Yet another federal judge has issued an injunction against one of Trump’s anti-immigration policies. This time it’s an executive order allowing state and local officials to refuse to allow refugees to be resettled in their jurisdiction. The judge said the order is likely unconstitutional and issued a preliminary injunction.
A federal judge on Wednesday temporarily suspended a new Trump administration policy that allowed state and local authorities to opt out of receiving refugees, concluding that the policy would likely be found to be illegal.
The preliminary injunction issued by Judge Peter J. Messitte of the United States District Court in Maryland blocks an executive order from September that empowered governors and county and city officials to effectively reject refugees fleeing persecution around the world.President Trump’s order forced the issue of refugee resettlement to the political forefront in communities from North Dakota to Massachusetts, where heated debate has flared over whether to continue receiving vulnerable people from Africa, Asia and the Middle East who have often endured violence and years-long displacement…
In his 31-page opinion, the judge said the executive order undermines the role of resettlement agencies by leaving the decision to receive refugees solely in the hands of states and localities.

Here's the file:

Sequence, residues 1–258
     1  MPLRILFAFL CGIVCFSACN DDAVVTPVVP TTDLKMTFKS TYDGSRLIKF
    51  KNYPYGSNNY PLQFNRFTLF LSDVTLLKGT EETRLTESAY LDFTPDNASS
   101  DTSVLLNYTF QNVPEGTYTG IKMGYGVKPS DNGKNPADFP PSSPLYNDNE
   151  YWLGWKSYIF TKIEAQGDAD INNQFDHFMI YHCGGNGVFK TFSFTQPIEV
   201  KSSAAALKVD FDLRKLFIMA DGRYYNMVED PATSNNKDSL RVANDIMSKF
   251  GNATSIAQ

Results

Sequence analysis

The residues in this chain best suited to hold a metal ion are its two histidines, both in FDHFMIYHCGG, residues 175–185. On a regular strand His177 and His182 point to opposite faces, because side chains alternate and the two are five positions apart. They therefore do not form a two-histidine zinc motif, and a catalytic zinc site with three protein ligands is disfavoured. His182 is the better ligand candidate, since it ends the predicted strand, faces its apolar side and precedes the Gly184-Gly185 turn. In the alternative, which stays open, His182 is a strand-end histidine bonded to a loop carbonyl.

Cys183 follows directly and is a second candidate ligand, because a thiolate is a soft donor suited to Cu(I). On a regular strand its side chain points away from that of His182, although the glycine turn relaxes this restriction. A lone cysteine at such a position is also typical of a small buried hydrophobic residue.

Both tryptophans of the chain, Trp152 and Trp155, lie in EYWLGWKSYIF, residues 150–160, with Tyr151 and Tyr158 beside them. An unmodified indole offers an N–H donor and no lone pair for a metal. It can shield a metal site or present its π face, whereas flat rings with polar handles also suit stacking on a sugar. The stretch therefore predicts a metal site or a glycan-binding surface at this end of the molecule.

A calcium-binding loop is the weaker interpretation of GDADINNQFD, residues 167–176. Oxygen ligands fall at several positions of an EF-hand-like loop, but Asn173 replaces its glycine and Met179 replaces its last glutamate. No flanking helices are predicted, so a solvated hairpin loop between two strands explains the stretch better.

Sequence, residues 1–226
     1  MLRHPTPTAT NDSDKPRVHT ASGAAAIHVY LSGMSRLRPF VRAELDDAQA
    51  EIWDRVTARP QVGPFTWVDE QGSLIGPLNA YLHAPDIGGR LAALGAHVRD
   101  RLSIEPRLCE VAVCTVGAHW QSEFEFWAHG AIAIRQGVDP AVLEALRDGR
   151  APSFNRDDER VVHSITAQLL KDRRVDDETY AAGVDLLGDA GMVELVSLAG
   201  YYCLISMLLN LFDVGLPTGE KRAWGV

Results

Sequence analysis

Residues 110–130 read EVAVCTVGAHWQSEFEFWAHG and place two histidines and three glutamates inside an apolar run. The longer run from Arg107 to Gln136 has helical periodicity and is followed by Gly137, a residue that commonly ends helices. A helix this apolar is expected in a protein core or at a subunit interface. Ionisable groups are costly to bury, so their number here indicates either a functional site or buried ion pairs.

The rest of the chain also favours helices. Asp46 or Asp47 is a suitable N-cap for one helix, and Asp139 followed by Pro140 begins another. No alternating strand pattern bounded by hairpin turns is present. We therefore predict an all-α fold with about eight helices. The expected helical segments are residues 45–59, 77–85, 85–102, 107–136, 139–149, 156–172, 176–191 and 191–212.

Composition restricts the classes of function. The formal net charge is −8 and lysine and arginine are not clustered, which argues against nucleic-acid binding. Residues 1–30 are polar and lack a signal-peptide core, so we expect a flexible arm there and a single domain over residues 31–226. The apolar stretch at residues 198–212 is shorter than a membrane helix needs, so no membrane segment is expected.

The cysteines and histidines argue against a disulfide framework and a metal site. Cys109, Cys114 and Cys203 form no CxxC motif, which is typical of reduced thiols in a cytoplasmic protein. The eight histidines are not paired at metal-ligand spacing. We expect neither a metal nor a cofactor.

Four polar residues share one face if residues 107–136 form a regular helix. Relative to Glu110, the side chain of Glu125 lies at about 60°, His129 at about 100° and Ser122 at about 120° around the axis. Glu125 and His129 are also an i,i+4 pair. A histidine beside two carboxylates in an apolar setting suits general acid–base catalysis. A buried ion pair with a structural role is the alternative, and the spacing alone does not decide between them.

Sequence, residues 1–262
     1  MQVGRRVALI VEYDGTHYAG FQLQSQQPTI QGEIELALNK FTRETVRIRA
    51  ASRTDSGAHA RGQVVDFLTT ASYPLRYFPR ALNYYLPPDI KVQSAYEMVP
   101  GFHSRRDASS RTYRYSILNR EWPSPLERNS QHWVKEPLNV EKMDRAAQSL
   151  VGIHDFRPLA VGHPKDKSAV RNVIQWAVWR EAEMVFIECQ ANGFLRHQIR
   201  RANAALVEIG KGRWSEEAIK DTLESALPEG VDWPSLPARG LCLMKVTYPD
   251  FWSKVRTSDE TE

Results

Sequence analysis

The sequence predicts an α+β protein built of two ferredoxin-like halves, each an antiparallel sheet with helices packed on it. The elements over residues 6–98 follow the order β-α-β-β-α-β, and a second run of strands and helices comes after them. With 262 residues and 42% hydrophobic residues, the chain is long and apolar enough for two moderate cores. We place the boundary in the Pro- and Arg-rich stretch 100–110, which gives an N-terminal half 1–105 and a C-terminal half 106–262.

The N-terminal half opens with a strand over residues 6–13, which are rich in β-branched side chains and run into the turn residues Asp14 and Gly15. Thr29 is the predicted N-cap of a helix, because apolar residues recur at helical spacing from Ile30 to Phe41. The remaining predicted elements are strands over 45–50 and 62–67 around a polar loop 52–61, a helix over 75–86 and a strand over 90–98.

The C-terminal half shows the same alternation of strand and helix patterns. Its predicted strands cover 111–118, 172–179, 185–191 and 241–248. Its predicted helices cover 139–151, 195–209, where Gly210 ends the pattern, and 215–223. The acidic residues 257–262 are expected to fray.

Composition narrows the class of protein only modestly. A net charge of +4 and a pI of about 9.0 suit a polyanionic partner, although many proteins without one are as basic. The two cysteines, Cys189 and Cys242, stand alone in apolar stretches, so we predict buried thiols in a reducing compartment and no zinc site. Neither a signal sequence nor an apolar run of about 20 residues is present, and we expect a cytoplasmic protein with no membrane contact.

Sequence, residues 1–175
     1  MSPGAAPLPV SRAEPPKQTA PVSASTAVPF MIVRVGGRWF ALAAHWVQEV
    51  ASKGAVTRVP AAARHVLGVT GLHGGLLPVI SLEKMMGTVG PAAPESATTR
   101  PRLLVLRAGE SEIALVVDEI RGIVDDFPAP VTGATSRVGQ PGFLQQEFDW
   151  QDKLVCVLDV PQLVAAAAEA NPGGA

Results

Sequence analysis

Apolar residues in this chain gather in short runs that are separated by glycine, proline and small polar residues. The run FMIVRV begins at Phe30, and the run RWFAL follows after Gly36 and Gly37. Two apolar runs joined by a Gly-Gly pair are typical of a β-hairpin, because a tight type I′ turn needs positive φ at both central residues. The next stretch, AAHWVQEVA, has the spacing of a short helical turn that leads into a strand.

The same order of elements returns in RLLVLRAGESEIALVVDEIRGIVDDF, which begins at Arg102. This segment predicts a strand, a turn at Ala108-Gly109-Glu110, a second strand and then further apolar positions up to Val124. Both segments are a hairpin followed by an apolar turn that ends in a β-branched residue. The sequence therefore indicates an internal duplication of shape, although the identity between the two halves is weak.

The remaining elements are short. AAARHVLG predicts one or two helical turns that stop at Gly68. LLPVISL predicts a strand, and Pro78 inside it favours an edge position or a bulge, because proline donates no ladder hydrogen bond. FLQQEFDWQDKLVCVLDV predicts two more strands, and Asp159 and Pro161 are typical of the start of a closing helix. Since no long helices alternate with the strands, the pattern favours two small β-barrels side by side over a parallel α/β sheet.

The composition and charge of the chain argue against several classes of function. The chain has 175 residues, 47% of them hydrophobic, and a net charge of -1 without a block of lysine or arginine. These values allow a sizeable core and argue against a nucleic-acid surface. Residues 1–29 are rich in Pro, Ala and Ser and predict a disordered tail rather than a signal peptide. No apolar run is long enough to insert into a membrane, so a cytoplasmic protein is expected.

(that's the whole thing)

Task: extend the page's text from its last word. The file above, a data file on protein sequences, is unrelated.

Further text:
“If they do not consent — apparently for any reason or for no reason — there will be no resettlement in that entire state or in that local community,” the judge said in his ruling. “Resettlement agencies will be totally sidelined. In other words, as the screens in e-sports inevitably register: ‘Game Over.’”
The judge also said the order appears to run counter to the Refugee Act’s stated purpose “to provide comprehensive and uniform provisions for effective resettlement and absorption of those refugees who are admitted.”
So we have yet another example of Trump trying to overrule statutory law passed by Congress with an executive order, and yet another example of a cruel, bigoted policy that prolongs the suffering of people who have faced persecution, violence and oppression.